It is desirable to provide an illuminated flexible-touch keypad that provides the advantages of an electroluminescent lighting source, a tactile feedback switch, and a flexible touch surface, while providing uniform lighting over the entire keypad. It is also desirable to provide such a keypad in which a minimum of layers and separate elements are used, in order to simplify and economize on its manufacturing.
The present invention provides an illuminated flexible-touch keypad using an electroluminescent panel to backlight the keypad and a translucent light pipe to transmit light to the surface layer, thereby resulting in uniform lighting of keys or indicia thereon. The keypad also provides tactile feedback in order to indicate the actuation of an individual key. The present invention combines a tactile feedback switch with an electroluminescent light source in a manner that preserves the tactile response while providing a substantially uniform light intensity. The invention further provides a flexible surface layer that can be raised and molded into a number of different shapes, thereby allowing a variety of configurations to be presented.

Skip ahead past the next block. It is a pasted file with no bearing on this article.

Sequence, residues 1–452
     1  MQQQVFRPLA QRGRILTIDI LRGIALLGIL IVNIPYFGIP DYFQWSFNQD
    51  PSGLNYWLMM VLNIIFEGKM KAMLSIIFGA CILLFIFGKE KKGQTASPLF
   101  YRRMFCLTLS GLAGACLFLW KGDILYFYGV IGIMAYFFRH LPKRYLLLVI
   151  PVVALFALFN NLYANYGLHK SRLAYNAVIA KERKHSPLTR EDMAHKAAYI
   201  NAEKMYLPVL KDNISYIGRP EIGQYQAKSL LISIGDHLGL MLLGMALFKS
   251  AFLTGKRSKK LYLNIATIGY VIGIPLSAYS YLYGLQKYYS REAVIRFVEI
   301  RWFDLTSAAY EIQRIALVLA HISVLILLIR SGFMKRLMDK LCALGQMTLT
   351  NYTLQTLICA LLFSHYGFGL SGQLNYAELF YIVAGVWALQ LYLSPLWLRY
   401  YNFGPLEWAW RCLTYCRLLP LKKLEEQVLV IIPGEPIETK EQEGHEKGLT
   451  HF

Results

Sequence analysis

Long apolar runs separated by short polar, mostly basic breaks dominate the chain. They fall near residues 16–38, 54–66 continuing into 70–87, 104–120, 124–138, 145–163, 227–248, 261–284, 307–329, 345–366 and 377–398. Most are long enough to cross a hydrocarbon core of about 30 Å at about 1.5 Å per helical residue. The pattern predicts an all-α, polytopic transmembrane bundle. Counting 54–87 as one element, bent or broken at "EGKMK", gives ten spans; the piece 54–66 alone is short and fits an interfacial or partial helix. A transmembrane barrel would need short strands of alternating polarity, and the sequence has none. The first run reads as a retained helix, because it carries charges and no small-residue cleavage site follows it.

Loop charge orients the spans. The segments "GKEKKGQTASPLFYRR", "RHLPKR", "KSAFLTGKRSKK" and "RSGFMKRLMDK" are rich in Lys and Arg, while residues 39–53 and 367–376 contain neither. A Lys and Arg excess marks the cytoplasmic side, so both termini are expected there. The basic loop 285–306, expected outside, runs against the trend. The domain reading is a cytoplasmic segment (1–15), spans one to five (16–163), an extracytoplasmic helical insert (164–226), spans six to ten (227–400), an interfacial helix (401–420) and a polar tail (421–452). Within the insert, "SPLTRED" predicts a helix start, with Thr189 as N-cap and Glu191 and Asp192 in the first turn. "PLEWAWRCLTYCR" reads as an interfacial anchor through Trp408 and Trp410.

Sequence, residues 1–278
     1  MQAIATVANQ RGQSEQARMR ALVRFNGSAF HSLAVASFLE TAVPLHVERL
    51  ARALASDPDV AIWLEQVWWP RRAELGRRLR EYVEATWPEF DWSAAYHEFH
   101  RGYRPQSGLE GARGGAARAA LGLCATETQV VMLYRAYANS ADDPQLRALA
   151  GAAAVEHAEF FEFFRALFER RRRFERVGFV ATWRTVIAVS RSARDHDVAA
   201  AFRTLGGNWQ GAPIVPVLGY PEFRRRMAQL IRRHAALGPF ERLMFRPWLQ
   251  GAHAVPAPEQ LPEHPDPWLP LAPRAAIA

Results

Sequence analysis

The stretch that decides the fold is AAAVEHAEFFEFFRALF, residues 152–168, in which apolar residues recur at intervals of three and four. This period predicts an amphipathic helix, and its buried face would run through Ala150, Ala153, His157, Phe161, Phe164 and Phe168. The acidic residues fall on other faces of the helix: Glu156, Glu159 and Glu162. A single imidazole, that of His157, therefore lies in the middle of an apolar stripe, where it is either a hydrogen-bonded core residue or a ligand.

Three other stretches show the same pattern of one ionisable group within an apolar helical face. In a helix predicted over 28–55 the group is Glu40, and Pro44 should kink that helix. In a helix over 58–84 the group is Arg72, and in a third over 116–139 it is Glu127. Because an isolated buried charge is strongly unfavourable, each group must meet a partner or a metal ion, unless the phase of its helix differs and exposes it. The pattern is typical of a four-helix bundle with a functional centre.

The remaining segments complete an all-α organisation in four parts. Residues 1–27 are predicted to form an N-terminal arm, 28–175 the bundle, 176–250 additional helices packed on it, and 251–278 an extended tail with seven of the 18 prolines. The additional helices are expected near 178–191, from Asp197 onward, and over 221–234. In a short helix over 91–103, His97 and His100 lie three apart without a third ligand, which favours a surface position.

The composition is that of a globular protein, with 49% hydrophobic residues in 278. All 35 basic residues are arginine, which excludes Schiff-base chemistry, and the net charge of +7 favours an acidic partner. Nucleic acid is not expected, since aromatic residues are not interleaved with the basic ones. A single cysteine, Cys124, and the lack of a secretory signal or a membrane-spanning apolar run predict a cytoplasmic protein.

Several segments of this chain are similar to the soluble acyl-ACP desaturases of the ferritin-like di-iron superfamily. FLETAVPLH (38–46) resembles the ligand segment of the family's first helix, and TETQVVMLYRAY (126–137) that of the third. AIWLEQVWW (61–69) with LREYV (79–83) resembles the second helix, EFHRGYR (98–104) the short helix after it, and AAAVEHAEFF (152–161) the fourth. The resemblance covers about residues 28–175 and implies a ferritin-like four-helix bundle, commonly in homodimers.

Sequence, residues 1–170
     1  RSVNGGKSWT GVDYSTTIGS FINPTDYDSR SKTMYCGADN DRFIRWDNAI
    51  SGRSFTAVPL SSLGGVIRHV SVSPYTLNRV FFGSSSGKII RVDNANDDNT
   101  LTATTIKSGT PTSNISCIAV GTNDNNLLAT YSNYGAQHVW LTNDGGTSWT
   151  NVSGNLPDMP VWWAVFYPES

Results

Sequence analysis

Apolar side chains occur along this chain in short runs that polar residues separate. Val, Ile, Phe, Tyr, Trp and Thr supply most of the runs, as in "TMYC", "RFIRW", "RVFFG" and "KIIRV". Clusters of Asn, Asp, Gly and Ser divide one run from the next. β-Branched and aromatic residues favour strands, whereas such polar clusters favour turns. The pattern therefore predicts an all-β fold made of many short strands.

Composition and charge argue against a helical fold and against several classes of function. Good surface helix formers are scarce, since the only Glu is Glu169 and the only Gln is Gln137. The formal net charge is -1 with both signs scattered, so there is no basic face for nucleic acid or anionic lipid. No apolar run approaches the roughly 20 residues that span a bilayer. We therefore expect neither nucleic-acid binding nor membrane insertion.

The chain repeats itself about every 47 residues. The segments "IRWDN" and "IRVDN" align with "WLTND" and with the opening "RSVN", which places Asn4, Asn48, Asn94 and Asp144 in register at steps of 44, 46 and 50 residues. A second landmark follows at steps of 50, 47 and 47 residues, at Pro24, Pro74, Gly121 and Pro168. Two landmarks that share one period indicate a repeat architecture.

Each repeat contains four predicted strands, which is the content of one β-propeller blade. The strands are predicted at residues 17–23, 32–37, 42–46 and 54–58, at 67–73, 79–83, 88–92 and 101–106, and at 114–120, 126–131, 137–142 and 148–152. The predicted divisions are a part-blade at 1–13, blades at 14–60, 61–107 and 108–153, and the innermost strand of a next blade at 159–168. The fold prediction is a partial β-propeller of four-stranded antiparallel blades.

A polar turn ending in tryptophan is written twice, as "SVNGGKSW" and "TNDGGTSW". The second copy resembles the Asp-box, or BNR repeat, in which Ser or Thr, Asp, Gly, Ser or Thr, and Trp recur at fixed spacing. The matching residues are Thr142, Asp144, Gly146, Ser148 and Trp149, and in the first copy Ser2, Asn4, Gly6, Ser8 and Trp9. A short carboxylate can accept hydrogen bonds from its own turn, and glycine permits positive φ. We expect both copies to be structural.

The illuminated flexible touch keypad is made up of multiple layers sandwiched together. The bottom layer is a circuitry layer, having conductive areas spaced from each other in such a manner that closing a connection between corresponding conductive areas completes a circuit. Above the circuitry layer is a flexible surface layer, which is subdivided into one or more key areas. Between the circuitry layer and the flexible surface layer lies an actuator layer, which serves as a switch to close a circuit on the circuitry layer. Also, between the circuitry layer and flexible surface layer lies an electroluminescent panel that illuminates the surface layer. A translucent element spans the space between the electroluminescent panel and the surface layer. The translucent element serves as a light pipe, carrying light from the electroluminescent panel to the surface layer.